Sydney's significant trees are a living asset.
A giant river red gum in the front garden of the former Centennial Park home of Nobel prize-winning author Patrick White is on the council's Register of Significant Trees.
''Whoever sees a tree, and loves it, can make a submission,'' Ms Sweeney said. ''The city's urban forest is among our most important assets and significant trees … are often the only lasting remnant of the former natural or cultural landscape.
A Parliamentary committee report tabled in the Legislative Council in June recommended the Government keep the 700km Tier 3 network open until at least the end of 2014, to allow grain processor Co-operative Bulk Handling (CBH) to fully assess its value to wheatgrowers.
But Transport Minister Troy Buswell rejected the recommendation, saying the Government would instead spend $118 million to upgrade regional roads before closing the lines next year.
Share this infographic to show that baseload power from 100% renewable energy is not only possible but a reality now! Don't forget to have your say by registering your youth decide event!
Date: Wednesday, August 22, 2012 from 5:45 PM to 8:00 PM
Location: 25 Aberdeen Street, Northbridge
Entrance of Francis street (The Lecture theatre is to the right)
Look for the signs with the Perth Green Drinks Logo
Perth, Western Australia 6000
For more information click here: Perth Green Drinks August - Sustainability & Your Health
Massive fish kills due to the blooms, which starve the water of oxygen, have become an almost annual event in the river, with the worst recorded case in 2003 when more than 200,000 fish died.
This year, unprecedented algal blooms have been killing fish in the middle of winter - a result of the southwest's well-document drying climate, with recorded rainfall declining over at least 30 years.
Without reliable winter rains to flush out saline water and nutrients, algal blooms will continue to take their toll on the river's ecosystems, experts say.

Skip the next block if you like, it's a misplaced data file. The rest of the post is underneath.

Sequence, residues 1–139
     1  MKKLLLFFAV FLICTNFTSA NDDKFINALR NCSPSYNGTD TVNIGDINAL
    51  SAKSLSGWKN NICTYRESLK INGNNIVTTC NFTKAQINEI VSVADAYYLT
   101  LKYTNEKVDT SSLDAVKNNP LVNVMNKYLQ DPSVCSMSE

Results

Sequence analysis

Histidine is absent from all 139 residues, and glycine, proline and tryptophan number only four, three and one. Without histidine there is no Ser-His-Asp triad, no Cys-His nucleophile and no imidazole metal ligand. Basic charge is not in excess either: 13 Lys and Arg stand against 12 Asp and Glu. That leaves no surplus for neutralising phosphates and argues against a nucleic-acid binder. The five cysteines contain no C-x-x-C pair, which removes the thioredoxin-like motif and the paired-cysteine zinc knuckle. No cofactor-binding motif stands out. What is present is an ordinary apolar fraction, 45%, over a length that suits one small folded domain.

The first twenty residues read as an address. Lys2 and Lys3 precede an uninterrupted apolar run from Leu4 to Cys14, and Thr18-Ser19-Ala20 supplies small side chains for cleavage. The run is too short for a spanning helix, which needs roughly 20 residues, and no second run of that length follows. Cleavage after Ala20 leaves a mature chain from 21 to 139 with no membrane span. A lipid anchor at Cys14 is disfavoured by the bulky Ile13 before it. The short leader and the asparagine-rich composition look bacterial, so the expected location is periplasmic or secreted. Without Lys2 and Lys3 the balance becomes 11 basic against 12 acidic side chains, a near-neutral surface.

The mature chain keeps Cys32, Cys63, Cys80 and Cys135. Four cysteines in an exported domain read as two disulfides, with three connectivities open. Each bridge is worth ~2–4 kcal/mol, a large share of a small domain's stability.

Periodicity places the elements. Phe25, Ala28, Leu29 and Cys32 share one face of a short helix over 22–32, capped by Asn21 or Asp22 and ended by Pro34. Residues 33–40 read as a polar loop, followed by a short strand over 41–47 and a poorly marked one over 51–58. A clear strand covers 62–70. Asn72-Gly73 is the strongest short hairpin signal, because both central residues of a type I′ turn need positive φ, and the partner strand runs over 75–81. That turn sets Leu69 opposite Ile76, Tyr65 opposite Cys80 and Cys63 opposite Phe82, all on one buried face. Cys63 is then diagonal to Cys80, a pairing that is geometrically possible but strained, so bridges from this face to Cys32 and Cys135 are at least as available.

The draft Forest Management Plan 2014-23 released by the Conservation Commission will now take on a 12-week public consultation period from today.
The draft plan covers a massive land area of 2.5 million hectares in the South-West of the state from Lancelin north of Perth to Denmark on the south coast.
Among the plan's proposals are additions to the Whicher National Park near Busselton and greater protection of marri trees as habitat for endangered black cockatoos.
Conservation Commission chairman Brian Easton encouraged the community to have their say on the plan over the next 12 weeks.
the new Australian law on cigarette packs will help clean up our environment of cigarette butts. Everyone hopes that less children start smoking and therefore less cigarettes will be consumed and hence a cleaner beach!
· lack of a suitable site to which the tree could be feasibly moved;
· possible contamination of soil which would mean, if the tree were moved, the contamination would be transferred to the new site; and
· other logistical, cost, and environmental considerations.
Of the 319 trees identified within the project area:
· 38 will be retained in-situ. UPDATE: In the revised plan ALL trees are to be removed!
· 29 will be removed and replanted back into the project area.
· Approximately 70 will be offered to local governments, schools and community organisations for transplantation outside of the project area.
· More than 130 are not suitable for relocation and will be disposed of as they:
o are species that are not suitable for transplantation at their current age and size;
o in poor health; or
o require significant preparation time.
· A further 45 trees will be removed from the road reserve by Main Roads WA and may be offered to the MRA for transplantation.
The MRA has identified nursery space in Anketell where many of the trees that have been removed from the site will be maintained by a landscaping contractor until they are ready to be returned to the public realm of Elizabeth Quay. Locations for the trees to be replanted back into the project area are still to be determined but are likely to include key public areas such as Station Park.
The total cost of removing the trees is part of the $440million approved budget for the project. The MRA is also seeking to purchase approximately 350 trees of varying species through a local supplier which will be grown over the next 2½ years to the required specification and incorporated into the project area in early 2015.
That old computer or cell phone you discarded?
Do you want new electronics in 10 to 20 years?
If so, here is your chance to do something about it by creating innovative new uses for existing electronic waste, as well as its future prevention.
Sept. 1, 2012 - Registration Opens
Nov. 1, 2012 - Registration Closed
Awards Ceremony -- TBA; Early December 2012
Check here for more information